From the sixteenth century, the Puritans with a fervour combining the threat of damnation with the appeal to individual reason, had unsuccessfully inveighed against ale houses and the evils of drink. By the early nineteenth century the moral force of Wesleyanism had begun to exert a growing influence generally and nowhere more than in the township of Knottingley. It was, however, only the requirement for a disciplined and settled workforce with regular work habits, arising in consequence of the Industrial Revolution, which engendered any noticeable abatement in the degree of drunkenness. As industrialisation per se had little practical application within the town before the last quarter of the century, all other measures were merely palliatives. Nevertheless, the advocates of temperance were at work all through the century, being particularly associate with the Wesleyan congregation by the 1850s.

The Temperance Movement as an organised pressure group had been present in Yorkshire since 1830 with branches at Bradford, York and Leeds at that date. (6) From that time a new phase of temperance is discernible with the emphasis on total abstinence and greater militancy. By 1860 the issue was becoming increasingly politicised as the alienated middle classes not only regarded pubs and beerhouses as sources of working class disaffection, encouraging militant trade unionism in the same way that an earlier generation had accused them of being Chartism, but saw brewers, with their huge profits and tied properties as the manifestation of monopolistic capitalism. (7) The attainment of temperance goals by political action resulted in polarisation of the issue as the advocates of temperance allied with the more sympathetic Liberals and the alliance of brewers, publicans and maltsters identified with the Conservatives. (8)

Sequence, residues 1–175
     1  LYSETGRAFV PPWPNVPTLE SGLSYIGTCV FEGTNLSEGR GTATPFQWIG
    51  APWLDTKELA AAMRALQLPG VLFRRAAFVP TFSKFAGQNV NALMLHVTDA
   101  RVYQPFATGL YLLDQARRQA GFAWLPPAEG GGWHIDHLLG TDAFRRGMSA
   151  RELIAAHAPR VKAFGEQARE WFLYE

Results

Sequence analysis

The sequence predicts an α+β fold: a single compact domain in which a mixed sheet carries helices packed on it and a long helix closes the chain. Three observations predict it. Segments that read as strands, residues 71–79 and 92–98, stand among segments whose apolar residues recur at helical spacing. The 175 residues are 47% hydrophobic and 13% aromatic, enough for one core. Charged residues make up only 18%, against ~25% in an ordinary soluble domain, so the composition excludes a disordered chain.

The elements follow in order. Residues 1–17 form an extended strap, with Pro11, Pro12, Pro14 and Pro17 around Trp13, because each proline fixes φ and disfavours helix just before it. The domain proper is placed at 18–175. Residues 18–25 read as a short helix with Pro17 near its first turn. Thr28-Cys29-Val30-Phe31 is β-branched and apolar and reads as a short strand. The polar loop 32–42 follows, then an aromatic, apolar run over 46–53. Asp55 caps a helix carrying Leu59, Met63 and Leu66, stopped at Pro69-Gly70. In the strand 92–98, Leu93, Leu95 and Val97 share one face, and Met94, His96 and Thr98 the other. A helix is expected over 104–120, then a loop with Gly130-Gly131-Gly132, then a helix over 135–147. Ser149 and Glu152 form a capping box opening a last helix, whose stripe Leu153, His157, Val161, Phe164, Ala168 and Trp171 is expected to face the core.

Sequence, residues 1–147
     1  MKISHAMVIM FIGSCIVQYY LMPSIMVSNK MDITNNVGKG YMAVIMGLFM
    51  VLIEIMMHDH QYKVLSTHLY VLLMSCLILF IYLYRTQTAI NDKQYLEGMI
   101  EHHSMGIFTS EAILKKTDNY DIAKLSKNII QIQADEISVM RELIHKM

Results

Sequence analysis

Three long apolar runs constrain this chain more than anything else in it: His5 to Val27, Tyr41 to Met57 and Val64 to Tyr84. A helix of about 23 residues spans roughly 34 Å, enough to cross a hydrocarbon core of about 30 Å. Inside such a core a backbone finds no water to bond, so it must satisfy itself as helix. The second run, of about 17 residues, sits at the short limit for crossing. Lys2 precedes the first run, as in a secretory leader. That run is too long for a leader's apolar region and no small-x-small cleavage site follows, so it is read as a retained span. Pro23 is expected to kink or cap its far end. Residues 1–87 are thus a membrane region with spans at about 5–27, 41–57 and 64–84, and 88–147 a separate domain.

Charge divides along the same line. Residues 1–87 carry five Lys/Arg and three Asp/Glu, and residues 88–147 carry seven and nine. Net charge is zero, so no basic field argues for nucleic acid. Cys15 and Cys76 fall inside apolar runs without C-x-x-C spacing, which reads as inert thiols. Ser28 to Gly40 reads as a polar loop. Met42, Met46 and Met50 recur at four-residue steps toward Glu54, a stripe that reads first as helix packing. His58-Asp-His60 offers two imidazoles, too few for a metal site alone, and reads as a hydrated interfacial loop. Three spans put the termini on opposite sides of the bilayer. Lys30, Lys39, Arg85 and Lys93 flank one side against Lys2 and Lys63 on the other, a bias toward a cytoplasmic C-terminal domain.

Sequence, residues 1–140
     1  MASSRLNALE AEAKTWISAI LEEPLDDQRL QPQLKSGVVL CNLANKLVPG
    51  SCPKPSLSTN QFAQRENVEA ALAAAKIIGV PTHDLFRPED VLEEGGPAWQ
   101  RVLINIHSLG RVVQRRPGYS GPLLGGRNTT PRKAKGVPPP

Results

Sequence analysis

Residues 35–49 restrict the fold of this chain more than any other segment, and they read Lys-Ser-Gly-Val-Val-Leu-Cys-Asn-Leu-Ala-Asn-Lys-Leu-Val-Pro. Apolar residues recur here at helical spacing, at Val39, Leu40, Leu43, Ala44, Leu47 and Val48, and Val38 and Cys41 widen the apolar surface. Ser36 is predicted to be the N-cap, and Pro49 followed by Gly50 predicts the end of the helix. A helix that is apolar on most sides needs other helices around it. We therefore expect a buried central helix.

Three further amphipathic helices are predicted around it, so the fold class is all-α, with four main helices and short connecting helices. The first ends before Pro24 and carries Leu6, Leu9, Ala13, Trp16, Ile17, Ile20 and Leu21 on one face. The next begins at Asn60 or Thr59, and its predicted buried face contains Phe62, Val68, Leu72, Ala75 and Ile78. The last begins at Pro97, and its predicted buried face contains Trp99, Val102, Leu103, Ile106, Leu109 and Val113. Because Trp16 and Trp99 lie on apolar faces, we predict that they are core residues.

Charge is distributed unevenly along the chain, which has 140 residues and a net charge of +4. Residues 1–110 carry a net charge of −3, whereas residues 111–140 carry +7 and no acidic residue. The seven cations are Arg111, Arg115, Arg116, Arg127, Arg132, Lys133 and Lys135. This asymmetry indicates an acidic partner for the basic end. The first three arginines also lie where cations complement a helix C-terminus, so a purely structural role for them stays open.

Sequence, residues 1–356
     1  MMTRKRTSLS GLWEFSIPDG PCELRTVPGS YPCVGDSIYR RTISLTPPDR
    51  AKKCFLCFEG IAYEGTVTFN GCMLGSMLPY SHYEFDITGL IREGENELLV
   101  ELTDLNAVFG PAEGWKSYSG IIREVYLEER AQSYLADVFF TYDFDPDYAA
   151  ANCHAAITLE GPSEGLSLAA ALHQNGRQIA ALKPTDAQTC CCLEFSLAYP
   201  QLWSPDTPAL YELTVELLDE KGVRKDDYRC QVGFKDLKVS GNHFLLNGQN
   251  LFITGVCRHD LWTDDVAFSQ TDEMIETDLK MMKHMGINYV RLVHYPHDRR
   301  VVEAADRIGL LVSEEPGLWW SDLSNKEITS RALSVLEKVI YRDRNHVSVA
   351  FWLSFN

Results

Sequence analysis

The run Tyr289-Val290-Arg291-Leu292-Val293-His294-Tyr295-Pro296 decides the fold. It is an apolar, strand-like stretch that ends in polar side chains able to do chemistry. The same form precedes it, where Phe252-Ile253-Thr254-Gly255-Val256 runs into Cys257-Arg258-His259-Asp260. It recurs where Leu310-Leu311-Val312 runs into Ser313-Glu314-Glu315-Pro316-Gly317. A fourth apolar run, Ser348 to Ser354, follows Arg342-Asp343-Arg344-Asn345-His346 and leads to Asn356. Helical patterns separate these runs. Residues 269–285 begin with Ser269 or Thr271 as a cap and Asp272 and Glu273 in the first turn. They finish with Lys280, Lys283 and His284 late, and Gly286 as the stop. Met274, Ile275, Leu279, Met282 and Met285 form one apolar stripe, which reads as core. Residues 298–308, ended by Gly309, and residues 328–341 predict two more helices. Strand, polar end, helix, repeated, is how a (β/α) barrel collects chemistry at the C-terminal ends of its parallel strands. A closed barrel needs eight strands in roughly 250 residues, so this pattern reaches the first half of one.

Even before political division had become manifest at Knottingley the well liked and widely respected John Carter, a liberal in every sense of the term, was regarded with reservation by an element of the populace. Nor were the critics confined to the town’s nonconformist element. At a Temperance Society soiree held at Pontefract in 1864, one of the speakers was the Reverend E. Gatley of Knottingley, an acquaintance, if not friend, of Carter. (9) It should not be assumed, however, that all temperance advocates were motivated solely by moral or ethical considerations. Commercialism was a motivating factor since those diverted from alcohol were more likely to attend work regularly and the wages earned be spent on consumer goods, thus boosting profit margins. (10) Naturally, such aspects formed the ‘hidden agenda’ of the temperance movement but there was sufficient material available for propaganda purposes to enable base motives to remain obscured. The Pontefract Advertiser which had been established about 1862, regularly featured cases of drunkenness and disorder at Knottingley. Sometimes the trouble was ‘imported’ as on the occasion when the police were called to the Ship Inn around midnight to find a body of at least forty militiamen, drunk and disorderly, had taken possession of the premises. Eventually, becoming weary of the tumult, the soldiers ‘fell in’ and marched in disorder along Aire Street. Some, armed with cudgels, amused themselves by breaking windows, others by assaulting innocent passers-by whom they encountered as they quit the town. (11) The soldiers had been undertaking training at Pontefract throughout the previous month and it is somewhat ironic that the previous week the local paper reported favourable comments by the citizens of the town concerning the soldiers good conduct. (12)